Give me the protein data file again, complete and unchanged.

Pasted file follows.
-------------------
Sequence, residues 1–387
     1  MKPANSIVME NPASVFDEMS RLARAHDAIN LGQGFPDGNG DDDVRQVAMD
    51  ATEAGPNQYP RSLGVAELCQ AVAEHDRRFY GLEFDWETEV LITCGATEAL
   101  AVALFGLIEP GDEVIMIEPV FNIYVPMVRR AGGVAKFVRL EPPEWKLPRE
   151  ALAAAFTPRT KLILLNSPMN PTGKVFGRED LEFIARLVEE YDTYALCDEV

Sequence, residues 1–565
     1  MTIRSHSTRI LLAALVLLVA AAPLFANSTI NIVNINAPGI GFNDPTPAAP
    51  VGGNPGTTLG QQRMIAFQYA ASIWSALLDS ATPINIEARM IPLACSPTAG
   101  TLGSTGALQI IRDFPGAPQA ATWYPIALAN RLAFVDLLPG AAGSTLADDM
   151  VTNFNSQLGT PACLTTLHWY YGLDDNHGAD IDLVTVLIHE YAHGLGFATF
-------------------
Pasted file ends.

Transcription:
Sequence, residues 1–387
     1  MKPANSIVME NPASVFDEMS RLARAHDAIN LGQGFPDGNG DDDVRQVAMD
    51  ATEAGPNQYP RSLGVAELCQ AVAEHDRRFY GLEFDWETEV LITCGATEAL
   101  AVALFGLIEP GDEVIMIEPV FNIYVPMVRR AGGVAKFVRL EPPEWKLPRE
   151  ALAAAFTPRT KLILLNSPMN PTGKVFGRED LEFIARLVEE YDTYALCDEV

Sequence, residues 1–565
     1  MTIRSHSTRI LLAALVLLVA AAPLFANSTI NIVNINAPGI GFNDPTPAAP
    51  VGGNPGTTLG QQRMIAFQYA ASIWSALLDS ATPINIEARM IPLACSPTAG
   101  TLGSTGALQI IRDFPGAPQA ATWYPIALAN RLAFVDLLPG AAGSTLADDM
   151  VTNFNSQLGT PACLTTLHWY YGLDDNHGAD IDLVTVLIHE YAHGLGFATF